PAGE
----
I hope so.

Viscount Monckton: The triumph of the individual over the hive mind

Viscount Monckton was in Australia and New Zealand recently.  This address given in Melbourne is re-published from Quadrant Online.       Printable version.

___________________________________________________________________________________

The triumph of the individual over the hive mind

by Viscount Monckton of Brenchley, April 3, 2013


Drab, pietistic uniformity is the curse of the collectivist age. Today, with a fearful and unanimously acquiescent docility, the hive mind tediously hums the Party Line, now rebranded “consensus”. Imagination, initiative, inquiry, inspiration, intuition and invention are not merely discouraged but hated. Individuality in any form is not merely loathed but punished.


It is the solecism of modern government imprudently, expensively and too often cruelly to emphasize the collective at the expense of the individual. Yet, as John Stuart Mill wrote,

“The worth of a State, in the long run, is the worth of the individuals composing it. A State which dwarfs its men, in order that they may be mere docile instruments in its hands, even for beneficial purposes, will find that with small men no great thing can really be accomplished.”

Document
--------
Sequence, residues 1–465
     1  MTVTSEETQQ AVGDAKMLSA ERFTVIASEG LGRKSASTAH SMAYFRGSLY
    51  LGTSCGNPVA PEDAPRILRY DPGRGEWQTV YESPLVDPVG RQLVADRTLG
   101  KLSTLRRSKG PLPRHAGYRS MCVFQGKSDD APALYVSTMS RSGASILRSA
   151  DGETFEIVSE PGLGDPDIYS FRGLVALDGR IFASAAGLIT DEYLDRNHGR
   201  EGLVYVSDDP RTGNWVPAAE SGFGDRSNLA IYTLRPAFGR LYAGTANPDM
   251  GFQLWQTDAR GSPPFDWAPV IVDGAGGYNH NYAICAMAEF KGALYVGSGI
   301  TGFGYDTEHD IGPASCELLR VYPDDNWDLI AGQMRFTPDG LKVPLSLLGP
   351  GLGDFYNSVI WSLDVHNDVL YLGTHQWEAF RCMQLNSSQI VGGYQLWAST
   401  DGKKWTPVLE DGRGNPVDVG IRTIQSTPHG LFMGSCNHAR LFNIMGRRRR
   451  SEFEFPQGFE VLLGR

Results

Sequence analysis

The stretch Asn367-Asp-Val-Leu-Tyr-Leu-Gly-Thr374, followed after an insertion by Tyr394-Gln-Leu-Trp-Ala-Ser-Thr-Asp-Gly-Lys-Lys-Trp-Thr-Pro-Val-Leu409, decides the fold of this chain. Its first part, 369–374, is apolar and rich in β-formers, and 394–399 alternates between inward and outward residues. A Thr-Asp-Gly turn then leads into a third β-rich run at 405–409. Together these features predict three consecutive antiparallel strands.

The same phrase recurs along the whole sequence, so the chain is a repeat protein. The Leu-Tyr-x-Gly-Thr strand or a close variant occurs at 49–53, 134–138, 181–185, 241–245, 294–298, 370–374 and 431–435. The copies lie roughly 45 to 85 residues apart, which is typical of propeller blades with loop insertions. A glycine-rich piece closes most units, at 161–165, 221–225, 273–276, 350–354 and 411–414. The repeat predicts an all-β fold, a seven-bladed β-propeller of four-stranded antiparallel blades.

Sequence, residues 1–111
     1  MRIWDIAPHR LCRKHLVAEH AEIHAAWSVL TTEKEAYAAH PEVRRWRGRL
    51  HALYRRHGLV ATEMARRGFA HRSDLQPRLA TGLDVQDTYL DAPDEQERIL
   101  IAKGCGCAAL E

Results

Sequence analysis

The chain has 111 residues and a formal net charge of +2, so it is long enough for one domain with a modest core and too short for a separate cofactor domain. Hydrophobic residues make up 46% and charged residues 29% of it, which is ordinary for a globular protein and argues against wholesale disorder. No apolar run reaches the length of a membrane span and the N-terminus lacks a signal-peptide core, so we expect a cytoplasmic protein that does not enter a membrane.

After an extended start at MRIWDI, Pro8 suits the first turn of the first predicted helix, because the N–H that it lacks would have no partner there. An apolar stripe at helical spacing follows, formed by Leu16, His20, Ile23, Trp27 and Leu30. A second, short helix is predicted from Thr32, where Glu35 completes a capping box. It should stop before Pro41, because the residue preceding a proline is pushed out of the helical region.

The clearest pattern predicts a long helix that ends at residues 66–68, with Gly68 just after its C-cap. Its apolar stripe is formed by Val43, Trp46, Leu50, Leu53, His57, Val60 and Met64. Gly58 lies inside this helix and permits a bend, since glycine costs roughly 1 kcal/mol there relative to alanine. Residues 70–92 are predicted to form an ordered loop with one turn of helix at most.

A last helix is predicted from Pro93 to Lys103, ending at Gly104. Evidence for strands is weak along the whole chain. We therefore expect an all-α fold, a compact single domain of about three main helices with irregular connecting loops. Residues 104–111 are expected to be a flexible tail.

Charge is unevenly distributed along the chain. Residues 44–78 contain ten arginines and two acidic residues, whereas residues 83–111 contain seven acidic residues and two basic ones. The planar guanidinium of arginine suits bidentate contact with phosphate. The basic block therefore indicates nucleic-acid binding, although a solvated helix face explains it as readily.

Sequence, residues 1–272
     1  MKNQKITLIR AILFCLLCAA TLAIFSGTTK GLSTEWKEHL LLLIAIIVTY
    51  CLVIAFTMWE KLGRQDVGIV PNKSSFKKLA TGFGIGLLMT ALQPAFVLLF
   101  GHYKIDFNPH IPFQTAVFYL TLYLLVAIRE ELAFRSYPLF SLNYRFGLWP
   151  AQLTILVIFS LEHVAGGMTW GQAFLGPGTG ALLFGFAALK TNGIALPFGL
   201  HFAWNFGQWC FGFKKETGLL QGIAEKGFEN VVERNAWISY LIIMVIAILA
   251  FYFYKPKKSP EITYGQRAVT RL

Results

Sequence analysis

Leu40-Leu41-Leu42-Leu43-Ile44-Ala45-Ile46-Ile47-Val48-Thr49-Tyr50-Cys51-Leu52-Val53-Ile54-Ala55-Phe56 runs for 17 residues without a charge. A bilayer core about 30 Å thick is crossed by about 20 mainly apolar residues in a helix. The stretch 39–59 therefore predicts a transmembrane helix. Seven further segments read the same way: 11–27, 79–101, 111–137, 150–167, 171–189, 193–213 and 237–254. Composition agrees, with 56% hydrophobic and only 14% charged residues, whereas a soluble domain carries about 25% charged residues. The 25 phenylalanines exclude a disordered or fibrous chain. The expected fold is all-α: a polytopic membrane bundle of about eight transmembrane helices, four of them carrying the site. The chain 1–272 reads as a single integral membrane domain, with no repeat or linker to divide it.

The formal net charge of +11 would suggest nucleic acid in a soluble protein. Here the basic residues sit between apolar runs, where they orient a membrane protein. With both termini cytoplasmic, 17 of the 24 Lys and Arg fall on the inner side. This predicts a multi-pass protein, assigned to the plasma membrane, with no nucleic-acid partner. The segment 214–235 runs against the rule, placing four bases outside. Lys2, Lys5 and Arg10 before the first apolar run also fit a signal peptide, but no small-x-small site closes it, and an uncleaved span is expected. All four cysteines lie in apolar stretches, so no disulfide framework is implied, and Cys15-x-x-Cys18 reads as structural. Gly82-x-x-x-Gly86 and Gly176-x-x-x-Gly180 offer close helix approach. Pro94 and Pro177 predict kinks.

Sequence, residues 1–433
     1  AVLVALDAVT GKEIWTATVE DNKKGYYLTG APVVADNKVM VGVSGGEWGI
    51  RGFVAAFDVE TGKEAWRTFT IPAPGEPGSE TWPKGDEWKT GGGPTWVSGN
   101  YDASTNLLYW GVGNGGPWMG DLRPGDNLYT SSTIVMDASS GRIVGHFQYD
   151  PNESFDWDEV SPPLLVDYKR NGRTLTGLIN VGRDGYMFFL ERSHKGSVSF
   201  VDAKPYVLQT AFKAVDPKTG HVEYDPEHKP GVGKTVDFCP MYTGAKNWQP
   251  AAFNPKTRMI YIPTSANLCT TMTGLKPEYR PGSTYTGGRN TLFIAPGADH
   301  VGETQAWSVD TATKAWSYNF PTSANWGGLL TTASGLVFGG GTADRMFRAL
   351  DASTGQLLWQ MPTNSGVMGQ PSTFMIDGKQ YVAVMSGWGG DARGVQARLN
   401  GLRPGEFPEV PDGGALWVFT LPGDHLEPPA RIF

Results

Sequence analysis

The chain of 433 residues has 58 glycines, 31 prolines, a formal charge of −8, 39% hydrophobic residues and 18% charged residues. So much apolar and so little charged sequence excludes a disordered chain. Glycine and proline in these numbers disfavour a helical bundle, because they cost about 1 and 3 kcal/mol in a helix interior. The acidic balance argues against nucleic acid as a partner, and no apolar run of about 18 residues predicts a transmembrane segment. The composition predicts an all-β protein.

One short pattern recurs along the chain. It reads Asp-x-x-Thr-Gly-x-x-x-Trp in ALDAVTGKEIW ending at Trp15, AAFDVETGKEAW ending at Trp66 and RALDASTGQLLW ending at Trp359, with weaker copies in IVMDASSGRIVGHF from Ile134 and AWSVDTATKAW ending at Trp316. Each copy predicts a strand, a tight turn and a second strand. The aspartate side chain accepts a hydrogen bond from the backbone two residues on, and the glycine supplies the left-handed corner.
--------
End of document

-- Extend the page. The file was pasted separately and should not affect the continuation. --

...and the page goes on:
Man is at once an island and a universe, an anchorite and a socialite, a lone wolf and a member of the pack. The strength of the West lies in encouraging what Santayana called the “eccentricities, hobbies and humours” of each, not in hindering or punishing individual achievement in the name of all.

In feudal times, the State was everything. The individual, if noticed at all, was recognized solely by his status in the ordained pecking order.

“God blessed the squire and his relations,
And kept us in our proper stations.”

It was only when free-market contract replaced feudal status that the individual, be he never so humble, acquired the right freely to negotiate with his neighbours and, by so doing, to earn advancement by achievement. Social mobility is a feature not of collectivism but of contract and of the cheerful chaos of the free market that it enables. Continue reading

Building a people of Power

Do you know this song? I’m building a people of power, I’m building a people of praise…

I’ve been thinking about what it means to build the kingdom of heaven. It’s like an underground structure – like roots of a tree, which spread unseen, taking in nourishment, to eventually support something large up top.

There’s a building project going on near where I live. The petrol station is being refurbished. Is this an unseen, underground movement? No! Even though the finished result will be unseen, with new petrol tanks in the ground, there’s a huge crane that can be seen all over our suburb.

But the kingdom of heaven is much more subtle. Every time someone discovers that God loves them, there’s another block in the kingdom. Every time someone discovers that they can help someone, there’s another nail in the walls. Every time someone speaks up against injustice, the kingdom grows!

Don’t consider that you can’t be part of a wonderful glorious building project! This one has no council consents needed, no deadline, no budget. It may not be a crystal cathedral, but the kingdom of Heaven is the Best thing to build!

The song goes on “Build your church Lord, make us strong Lord.” Don’t leave it all up to God – pick up your hammer and get building!